Step #1 - Evaluate, test and refine the business concept by answering the following:
Step #2 - Identify potential customers of the micro-business.
Use online searches, government census data, surveys, questionnaires and even cold-calling to determine:
Step #3 - Validate and adjust your micro-business concept by applying a customer-centric approach. I.e:
Step #4 - Research and test the brand and name for your micro-business that:
Online tools that can assist in the selection of the micro-business brand and name include:
Step #5 - Find and engage mentors and advisors who can assist you to evolve the micro-business concept and vision.
Mentors and advisors can be:
Step #6 - Identify the skills and teams needed to deliver the micro-business products and services.
Use these skills as the basis to recruit and develop an customer-centric organisation structure including roles and responsibilities) for the micro-business.
Customer centric cultures only work when every individual in the organisation gets behind the vision and actively participates in its evolution; this means interviewing and selecting individuals who will represent the business and the vision.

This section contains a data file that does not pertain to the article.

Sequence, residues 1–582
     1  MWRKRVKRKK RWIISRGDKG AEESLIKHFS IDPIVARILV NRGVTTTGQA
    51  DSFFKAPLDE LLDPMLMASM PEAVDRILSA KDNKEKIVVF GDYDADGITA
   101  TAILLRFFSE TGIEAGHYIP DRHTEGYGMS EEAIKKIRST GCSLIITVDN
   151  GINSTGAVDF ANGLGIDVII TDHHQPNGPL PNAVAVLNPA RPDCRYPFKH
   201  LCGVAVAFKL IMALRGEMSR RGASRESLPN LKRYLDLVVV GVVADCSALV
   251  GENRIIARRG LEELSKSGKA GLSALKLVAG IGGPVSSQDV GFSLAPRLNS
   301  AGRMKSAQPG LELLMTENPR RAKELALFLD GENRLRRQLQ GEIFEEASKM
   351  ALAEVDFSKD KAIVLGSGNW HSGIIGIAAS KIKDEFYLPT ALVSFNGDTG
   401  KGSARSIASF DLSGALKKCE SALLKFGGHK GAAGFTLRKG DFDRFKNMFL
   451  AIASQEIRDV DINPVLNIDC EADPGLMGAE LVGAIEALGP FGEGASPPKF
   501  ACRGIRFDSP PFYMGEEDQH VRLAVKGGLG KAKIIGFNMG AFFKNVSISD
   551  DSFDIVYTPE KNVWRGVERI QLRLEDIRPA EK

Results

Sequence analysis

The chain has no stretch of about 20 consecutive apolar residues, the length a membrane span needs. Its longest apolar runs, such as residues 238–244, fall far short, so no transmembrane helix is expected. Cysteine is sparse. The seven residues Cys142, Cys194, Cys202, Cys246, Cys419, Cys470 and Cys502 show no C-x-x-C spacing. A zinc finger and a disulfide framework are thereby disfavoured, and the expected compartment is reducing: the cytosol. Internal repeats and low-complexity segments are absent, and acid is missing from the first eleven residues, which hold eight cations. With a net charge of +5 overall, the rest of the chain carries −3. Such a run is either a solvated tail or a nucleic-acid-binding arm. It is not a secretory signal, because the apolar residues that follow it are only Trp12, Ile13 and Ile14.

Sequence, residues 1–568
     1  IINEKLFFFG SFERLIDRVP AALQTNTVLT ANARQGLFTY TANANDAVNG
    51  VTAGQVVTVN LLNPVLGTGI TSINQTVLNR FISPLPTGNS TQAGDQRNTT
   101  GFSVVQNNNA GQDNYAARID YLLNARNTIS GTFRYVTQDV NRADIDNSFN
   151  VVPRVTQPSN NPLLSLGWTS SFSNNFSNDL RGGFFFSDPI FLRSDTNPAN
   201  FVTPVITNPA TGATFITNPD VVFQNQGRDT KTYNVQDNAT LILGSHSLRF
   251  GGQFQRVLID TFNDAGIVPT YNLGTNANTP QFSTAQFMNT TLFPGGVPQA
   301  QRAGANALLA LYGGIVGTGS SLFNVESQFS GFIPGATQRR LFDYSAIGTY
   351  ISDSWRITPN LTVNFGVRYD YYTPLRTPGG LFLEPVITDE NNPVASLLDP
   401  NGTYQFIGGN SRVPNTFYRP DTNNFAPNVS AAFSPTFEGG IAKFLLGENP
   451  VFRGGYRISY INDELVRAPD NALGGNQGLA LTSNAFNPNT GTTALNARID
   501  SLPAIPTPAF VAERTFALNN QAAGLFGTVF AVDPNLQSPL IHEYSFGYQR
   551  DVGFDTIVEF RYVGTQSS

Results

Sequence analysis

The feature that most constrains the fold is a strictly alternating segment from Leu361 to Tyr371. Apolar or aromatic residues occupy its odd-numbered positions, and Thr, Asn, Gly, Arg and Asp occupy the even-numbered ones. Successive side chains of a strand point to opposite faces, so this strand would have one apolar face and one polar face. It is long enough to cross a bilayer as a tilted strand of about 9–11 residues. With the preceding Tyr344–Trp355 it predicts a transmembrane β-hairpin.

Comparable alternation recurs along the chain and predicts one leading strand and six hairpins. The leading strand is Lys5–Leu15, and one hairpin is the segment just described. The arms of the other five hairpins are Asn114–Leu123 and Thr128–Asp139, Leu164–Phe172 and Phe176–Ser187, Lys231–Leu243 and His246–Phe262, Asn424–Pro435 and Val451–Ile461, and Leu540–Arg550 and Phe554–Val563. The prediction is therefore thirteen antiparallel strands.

Customer centric culture starts at the top and is represented throughout the business; the culture must be endorsed, supported and driven by the business owners and the leadership team. To achieve this:
This customer-centric approach to recruitment must be applied to every role in the organisation - not just the customer facing roles.
Step #7 - Identify legal and compliance matters that will apply to the products and services offered by the micro-business.
The following online resources can be used to assist with legal and compliance obigations:
Step #8 - Decide on the structure of the mico-business with your mentors.
The most common business / micro-business structures are:
When deciding on the micro-business structure consider the following:
Step #9 - Get started.